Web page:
To begin, let us make it clear we have little doubt that Cristina Fernandez de Kirchner, current first lady, will become the next President of Argentina in the vote scheduled for November 2007.
With only 5 months to go before polling day, the incumbent government has still to officially announce which of Los Kirchner will run for the top job. However, informal sources leave little doubt that Cristina will be the candidate for a variety of reasons including Cristina’s high acceptance ratings and good track record as a senator in Buenos Aires province, along with current president Nestor Kirchner’s health concerns and apparent lack of zest for the protocol demanded by the job.
As it happens, the change will probably not raise too many hackles. Argentines take it for granted that a Kirchner kitchen cabinet has been running the show since Nestor came to power. Although Cristina would possibly suffer voter reluctance from a small section of the populace against having a women as president (a remnant of the country’s machismo psyche), polls clearly show that either candidate would only need a first round of voting to be elected. There seems little doubt that whichever Kirchner runs wins.
We would welcome the youthful 54 year old Cristina to the post of President with little reservation. The Kirchner regime has been criticized for their ‘autopilot’ style on economic issues, but overall the last four years has been good to Argentina. Nestor has steered the country away from its traditional Peronist roots (while still out of necessity calling himself a Peronist) and has brought much needed changes to the judicial system amongst other important social issues. All expect a Cristina-led government to continue in the same vein, but we see this ‘change-that-is-no-change’ as an excellent opportunity for the government to tackle the biggest bugbear in its economy, that of inflation. Incidentally she would also bring a breath of fresh air to the dress sense of local leaders, as witnessed by the accompanying photo.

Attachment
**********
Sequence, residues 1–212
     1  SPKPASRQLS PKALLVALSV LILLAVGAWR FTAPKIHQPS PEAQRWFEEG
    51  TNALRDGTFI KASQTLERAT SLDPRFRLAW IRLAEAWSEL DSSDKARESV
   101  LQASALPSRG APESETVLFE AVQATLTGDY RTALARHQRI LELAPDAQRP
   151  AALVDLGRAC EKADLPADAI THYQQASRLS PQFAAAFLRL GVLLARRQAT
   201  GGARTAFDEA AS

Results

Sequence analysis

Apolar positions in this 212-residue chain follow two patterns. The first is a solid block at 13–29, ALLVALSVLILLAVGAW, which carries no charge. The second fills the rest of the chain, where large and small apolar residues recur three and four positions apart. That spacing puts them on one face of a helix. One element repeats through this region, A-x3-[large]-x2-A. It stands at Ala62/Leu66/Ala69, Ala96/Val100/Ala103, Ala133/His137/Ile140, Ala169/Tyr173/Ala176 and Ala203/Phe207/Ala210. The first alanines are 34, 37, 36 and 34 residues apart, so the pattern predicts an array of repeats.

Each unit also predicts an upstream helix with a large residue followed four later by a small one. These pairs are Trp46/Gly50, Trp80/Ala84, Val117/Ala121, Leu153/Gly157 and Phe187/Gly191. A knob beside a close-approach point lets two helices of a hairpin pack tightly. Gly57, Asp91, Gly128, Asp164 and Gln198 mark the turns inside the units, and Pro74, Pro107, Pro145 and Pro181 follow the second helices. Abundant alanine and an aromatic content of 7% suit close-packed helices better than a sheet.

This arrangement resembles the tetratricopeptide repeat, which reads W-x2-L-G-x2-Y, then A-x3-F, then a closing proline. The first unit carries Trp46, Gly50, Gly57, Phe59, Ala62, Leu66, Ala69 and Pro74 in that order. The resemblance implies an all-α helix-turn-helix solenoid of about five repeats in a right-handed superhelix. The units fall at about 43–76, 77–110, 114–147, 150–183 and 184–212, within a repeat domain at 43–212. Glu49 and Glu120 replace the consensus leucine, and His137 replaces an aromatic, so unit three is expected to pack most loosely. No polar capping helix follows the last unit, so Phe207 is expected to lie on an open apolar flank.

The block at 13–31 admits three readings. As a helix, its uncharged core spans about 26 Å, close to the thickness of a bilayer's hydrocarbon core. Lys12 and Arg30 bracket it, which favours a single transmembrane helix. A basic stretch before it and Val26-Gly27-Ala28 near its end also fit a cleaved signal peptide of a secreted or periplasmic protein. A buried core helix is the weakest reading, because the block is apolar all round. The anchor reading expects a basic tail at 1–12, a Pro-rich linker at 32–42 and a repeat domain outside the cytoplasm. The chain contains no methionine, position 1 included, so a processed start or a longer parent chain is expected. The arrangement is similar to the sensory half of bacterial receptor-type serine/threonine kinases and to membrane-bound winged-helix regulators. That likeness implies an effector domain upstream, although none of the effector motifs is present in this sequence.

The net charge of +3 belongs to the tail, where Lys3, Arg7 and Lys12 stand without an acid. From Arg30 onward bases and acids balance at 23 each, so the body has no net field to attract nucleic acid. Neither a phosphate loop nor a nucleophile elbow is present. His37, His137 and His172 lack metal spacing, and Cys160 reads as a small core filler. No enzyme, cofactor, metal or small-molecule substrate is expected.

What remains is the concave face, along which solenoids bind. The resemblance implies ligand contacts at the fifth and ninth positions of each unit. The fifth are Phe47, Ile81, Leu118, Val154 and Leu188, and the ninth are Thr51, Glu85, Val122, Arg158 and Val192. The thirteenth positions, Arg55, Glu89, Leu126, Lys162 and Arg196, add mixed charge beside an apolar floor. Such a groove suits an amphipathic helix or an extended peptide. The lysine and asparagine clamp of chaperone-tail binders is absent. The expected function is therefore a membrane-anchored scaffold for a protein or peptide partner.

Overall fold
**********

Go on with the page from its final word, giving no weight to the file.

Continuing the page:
Argentine inflation is officially running at 8.9%. High as that may seem, most observers believe that the official government figures have not merely been massaged, but have been subjected to a deep shiatsu therapy weekend, and they put true estimates at 13-15%. Aside from the political angle, one of the main reasons why a depressed inflation number suits the government is the approximate 40% all Argentine bond papers that are index linked to the headline inflation rate. Simply put, lower inflation equals cheaper government.
However, the smoke ‘n’ mirrors game is wearing a little too thin and we look to this year’s presidential elections to force change on the issue. Cristina’s main opponent in the poll is ex-minister of the economy Roberto Lavagna. Although somewhat lacking in charisma (and opinion poll support), he commands the respect of the Argentines thanks to his part in successfully pulling Argentina out from the slump caused by the 2001/2002 economic meltdown. His main weapon against Los Kirchner will be his vision of the economy, and as inflation is the current Achilles heel will push the issue as much as possible.